2017 Revised Classification of Seizures

The International League against Epilepsy (ILAE) is the world's main scientific body devoted to the study of epilepsy, and it has recently revised its classification of seizures. The changes will help make diagnosing and classifying seizures more accurate and easier. In this article, you'll find the new general outline and basic seizure classification. In the coming weeks, epilepsy.com will be updated to reflect the new classification to help users searching for both the older and newer terms.

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  • Atonic means a loss of muscle tone. In an atonic seizure, a person suddenly loses muscle tone so their head or body may go limp.
  • They are also known as drop attacks.
  • In some children, only their head drops suddenly.
  • Atonic seizures can be begin in one area or side of the brain (focal onset) or both sides of the brain (generalized onset).

What is an atonic seizure?

Muscle "tone" is the muscle's normal tension. "Atonic" (a-TON-ik) means "without tone." So in an atonic seizure, muscles suddenly become limp.

  • Part of all of the body may become limp. The eyelids may droop, the head may nod or drop forward, and the person may drop things.
  • If standing, the person often falls to the ground.
  • These seizures typically last less than 15 seconds.
  • People may get injured when they fall. Head protection, such as a helmet or other protective gear, may be needed.
  • These seizures are also called "drop attacks" or "drop seizures."

What part of the brain is involved?

When the seizure starts in one area of the brain:

  • Atonic seizures can start in one part of the brain with a loss of tone in one part of the body.
  • This is called a focal motor atonic seizure.

When the seizure starts on both sides of the brain:

  • Usually, atonic seizures affect both sides of the brain.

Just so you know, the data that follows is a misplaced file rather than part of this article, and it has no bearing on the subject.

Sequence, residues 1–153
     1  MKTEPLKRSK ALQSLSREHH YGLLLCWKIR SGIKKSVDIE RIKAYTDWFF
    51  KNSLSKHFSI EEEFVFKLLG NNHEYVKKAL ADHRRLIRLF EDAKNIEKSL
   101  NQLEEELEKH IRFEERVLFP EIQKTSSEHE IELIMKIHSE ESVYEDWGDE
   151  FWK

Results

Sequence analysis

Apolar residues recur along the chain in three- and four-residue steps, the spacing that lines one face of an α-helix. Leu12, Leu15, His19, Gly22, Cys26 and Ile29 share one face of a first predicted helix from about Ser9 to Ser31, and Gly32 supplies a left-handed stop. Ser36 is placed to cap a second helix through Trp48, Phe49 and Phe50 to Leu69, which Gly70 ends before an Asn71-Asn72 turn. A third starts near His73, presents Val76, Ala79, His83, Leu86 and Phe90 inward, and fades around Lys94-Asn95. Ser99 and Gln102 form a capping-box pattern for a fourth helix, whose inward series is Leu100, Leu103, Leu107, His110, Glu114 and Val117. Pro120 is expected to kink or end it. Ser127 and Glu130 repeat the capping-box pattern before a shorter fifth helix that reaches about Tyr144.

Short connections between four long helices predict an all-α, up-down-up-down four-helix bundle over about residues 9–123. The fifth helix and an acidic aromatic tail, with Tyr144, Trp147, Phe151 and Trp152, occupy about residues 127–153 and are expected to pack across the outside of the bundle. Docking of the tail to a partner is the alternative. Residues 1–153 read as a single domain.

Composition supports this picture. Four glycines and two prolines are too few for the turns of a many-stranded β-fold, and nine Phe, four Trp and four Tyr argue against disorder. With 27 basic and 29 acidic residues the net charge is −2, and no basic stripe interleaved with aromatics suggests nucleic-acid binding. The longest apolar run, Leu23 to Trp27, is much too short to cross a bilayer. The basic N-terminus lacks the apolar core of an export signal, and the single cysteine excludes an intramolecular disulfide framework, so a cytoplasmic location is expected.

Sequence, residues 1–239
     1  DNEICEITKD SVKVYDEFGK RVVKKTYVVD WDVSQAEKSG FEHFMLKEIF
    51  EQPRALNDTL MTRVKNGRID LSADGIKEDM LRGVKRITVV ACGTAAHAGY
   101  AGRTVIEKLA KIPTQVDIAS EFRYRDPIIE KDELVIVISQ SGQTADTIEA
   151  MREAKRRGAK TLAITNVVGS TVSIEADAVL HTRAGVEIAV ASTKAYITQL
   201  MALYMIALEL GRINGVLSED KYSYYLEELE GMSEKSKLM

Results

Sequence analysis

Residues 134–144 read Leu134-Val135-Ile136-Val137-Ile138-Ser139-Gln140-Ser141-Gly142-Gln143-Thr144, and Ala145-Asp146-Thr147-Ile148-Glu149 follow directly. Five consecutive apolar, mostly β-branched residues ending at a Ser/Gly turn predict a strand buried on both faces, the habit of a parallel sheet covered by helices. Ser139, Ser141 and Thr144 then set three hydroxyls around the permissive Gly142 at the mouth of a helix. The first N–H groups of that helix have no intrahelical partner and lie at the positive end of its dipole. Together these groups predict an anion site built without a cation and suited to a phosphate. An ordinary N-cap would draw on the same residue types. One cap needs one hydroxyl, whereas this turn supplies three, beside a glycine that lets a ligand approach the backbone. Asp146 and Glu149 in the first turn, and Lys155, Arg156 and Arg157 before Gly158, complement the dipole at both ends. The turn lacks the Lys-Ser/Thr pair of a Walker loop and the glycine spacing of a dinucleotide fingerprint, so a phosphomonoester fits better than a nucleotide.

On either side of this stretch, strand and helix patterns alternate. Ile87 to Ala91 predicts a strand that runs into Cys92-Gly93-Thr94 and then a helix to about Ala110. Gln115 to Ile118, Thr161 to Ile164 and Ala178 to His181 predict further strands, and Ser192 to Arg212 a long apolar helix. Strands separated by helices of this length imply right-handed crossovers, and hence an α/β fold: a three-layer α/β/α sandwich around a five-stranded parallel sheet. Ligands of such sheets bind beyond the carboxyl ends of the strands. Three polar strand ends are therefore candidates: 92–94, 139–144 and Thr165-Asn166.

• These are called generalized onset atonic seizures.
  • These seizures would begin with a sudden drop or loss of tone affecting the head, trunk, or whole body.
  • Usually a person having a generalized atonic seizure is not fully aware during the event.

Who is at risk for atonic seizures?

  • Atonic seizures usually begin in childhood and may last into adult years.
  • Often these seizures may be seen in syndromes like Lennox-Gastaut or Dravet syndrome. Other types of seizures may occur in the same person too.

What’s it like to have an atonic seizure?

In an atonic seizure, the person's body will suddenly become limp.

  • If sitting, their head or upper body may slump over.
  • If standing, the person many fall limply to the ground. Since the muscles are weak or limp, the person falls like a rag doll.
  • When a person’s muscles are stiff or rigid, they will fall like a tree trunk. These are usually called tonic seizures.

What happens after the seizure?

  • After an atonic seizure, the person may or may not be confused.
  • Often a person can return to their usual activity fairly quickly. Some may need to rest for a while after a seizure.
  • If the person fell, they may have been injured and need first aid for bruises, cuts, or other injuries.
  • For serious injuries (like a broken bone or head injury), the person will need to go to an emergency room.

How often do atonic seizures occur?

It depends. People can have just one atonic seizure or several in a row. When an atonic seizure happens, try your best to make sure the person is in a safe place to prevent injuries and falls.

In some types of epilepsy (like Lennox-Gastaut or Dravet syndrome), seizures can happen in clusters with two or more at one time or in one day. If a person is at risk for seizure clusters, they should talk to their doctor or nurse about ways to treat clusters.

How are these seizures diagnosed?

  • Written descriptions or video recordings by observers of what happened are very important in diagnosing atonic seizures.
  • Sometimes EEG (electroencephalogram) monitoring may also be done to sort out the diagnosis.
  • If the diagnosis is not clear or seizures don’t stop with medications, other tests may be done. The testing would check for changes in the heart rhythm, blood pressure, or other problems that could cause falls.

How are atonic seizures treated?

What should I do if I think my child or loved one may have atonic seizures?

If you think your loved one or you may be having atonic seizures, it is important to talk to your health care provider right away. These seizures have the potential to cause serious injury due to falls. Getting a correct diagnosis and proper treatment is important.

Authored by: Elaine Kiriakopoulos MD | Patricia O. Shafer RN, MN | Joan Sirven | Orrin Devinsky MD on 3/2017
Reviewed by: Robert Fisher MD, PhD | Joseph I. Sirven MD on 3/2017
What It Looks Like...

When Bob has a 'drop' seizure, he falls to the ground and often hits his head and bruises his body. Even if I'm right next to him and prepared, I may not catch him. Even with carpet in the bedroom and mats in the bathroom, he gets hurt.